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My Century

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In negenennegentig verhalen geeft Günter Grass (1927) een beeld van deze eeuw, van 1900 tot 1999. Over elk jaar geeft de ik-figuur een verslag van of commentaar op kleine en grote gebeurtenissen van deze eeuw, beschrijvingen van belangrijke en onbelangrijke personen. Het boek is geen roman (zoals Geert Mak, 'De eeuw van mijn vader') maar een verhalenbundel, met afzonderlijke ooggetuigenverslagen over elk jaar. De lezer krijgt een buitengewoon boeiend en afwisselend beeld van de twintigste eeuw. Zeer goed te lezen, prima vertaald door Jan Gielkens en mooi uitgevoerd.

MIJN EEUW is een boek vol verhalen, negenennegentig om precies te zijn: negenennegentig verhalen over de negenennegentig afgelopen jaren van de ten einde lopende eeuw. Door de ogen van telkens weer andere mensen vertelt Günter Grass over grote gebeurtenissen en ogenschijnlijke onbenulligheden, over technische uitvindingen en wetenschappelijke ontdekkingen, sportieve en culturele prestaties, grootheidswaan, vervolging en moord, oorlog en catastrofen, en over telkens weer een nieuw begin. Met elkaar leveren deze verhalen een levendig en verrassend afgerond beeld op van deze gruwelijke, fantastische eeuw.

248 pages, Paperback

First published January 1, 1999

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About the author

Günter Grass

258 books1,349 followers
Novels, notably The Tin Drum (1959) and Dog Years (1963), of German writer Günter Wilhelm Grass, who won the Nobel Prize of 1999 for literature, concern the political and social climate of Germany during and after World War II.

This novelist, poet, playwright, illustrator, graphic artist, and sculptor since 1945 lived in West Germany but in his fiction frequently returned to the Danzig of his childhood. He always identified as a Kashubian.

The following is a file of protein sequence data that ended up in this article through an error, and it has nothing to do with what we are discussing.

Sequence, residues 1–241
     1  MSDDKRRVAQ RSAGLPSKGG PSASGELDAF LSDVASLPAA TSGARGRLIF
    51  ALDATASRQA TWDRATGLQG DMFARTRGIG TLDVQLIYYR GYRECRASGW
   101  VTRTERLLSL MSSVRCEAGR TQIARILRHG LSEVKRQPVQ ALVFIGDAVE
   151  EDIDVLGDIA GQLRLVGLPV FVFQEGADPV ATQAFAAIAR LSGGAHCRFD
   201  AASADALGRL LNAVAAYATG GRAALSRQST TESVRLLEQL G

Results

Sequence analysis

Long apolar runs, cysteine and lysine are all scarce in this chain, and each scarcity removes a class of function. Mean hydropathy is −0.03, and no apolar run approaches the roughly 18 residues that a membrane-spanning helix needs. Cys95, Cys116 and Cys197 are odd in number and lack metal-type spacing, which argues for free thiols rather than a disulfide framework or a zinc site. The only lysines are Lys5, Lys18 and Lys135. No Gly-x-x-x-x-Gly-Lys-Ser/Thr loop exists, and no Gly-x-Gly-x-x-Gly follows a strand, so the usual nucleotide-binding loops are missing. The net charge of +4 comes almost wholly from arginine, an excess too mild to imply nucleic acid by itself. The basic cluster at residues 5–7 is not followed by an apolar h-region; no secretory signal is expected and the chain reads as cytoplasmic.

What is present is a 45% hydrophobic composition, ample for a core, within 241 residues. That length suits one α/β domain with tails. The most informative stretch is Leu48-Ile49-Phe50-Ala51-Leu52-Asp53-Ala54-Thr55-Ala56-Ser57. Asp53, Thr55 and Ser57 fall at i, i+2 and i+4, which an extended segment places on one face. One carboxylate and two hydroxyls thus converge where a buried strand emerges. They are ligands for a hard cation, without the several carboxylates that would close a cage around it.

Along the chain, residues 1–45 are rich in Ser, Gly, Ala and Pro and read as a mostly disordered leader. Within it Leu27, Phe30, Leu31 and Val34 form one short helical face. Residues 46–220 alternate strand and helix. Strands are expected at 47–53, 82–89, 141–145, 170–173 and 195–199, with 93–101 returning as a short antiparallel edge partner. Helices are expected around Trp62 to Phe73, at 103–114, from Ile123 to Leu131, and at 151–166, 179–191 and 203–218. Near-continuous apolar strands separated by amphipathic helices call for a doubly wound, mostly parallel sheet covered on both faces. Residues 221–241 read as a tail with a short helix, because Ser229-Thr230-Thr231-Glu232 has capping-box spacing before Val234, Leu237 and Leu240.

He is best known for his first novel, The Tin Drum (1959), a key text in European magic realism. He named this style “broadened reality.” “Cat and Mouse” (1961) and Dog Years (1963) also succeeded in the period. These three novels make up his “Danzig trilogy.”

Helene Grass (née Knoff, 1898 - 1954), a Roman Catholic of Kashubian-Polish origin, bore Günter Grass to Willy Grass (1899 - 1979), a Protestant ethnic German. Parents reared Grass as a Catholic. The family lived in an apartment, attached to its grocery store in Danzig-Langfuhr (now Gdańsk-Wrzeszcz). He has one sister, born in 1930.

Grass attended the Danzig gymnasium Conradinum. He volunteered for submarine service with the Kriegsmarine "to get out of the confinement he felt as a teenager in his parents' house" which he considered - in a very negative way - civic Catholic lower middle class. In 1943 he became a Luftwaffenhelfer, then he was drafted into the Reichsarbeitsdienst, and in November 1944, shortly after his seventeenth birthday, into the Waffen-Schutzstaffel. The seventeen-year-old Grass saw combat with the 10th Schutzstaffel panzer division Frundsberg from February 1945 until he was wounded on 20 April 1945 and sent to an American prisoner of war camp.

In 1946 and 1947, he worked in a mine and received an education of a stonemason. For many years, he studied sculpture and graphics, first at the Kunstakademie Düsseldorf and then at the Universität der Künste Berlin. He also worked as an author and traveled frequently. He married in 1954 and from 1960 lived in Berlin as well as part-time in Schleswig-Holstein. Divorced in 1978, he remarried in 1979. From 1983 to 1986 he held the presidency of the Berlin Akademie der Künste (Berlin Academy of Arts).

During the German unification process in 1989 he argued for separation of the two states, because he thought a unified Germany would resume its past aggression. He moved to the northern German city of Lübeck in 1995. He was awarded the Nobel Prize in Literature in 1999. In 2006, Grass caused controversy with his disclosure of his Waffen-Schutzstaffel service during the final months of World War II, which he had kept a secret until publishing his memoir that year. He died of complications of lung infection on 13th of April, 2015 at a Lübeck hospital. He was 87.

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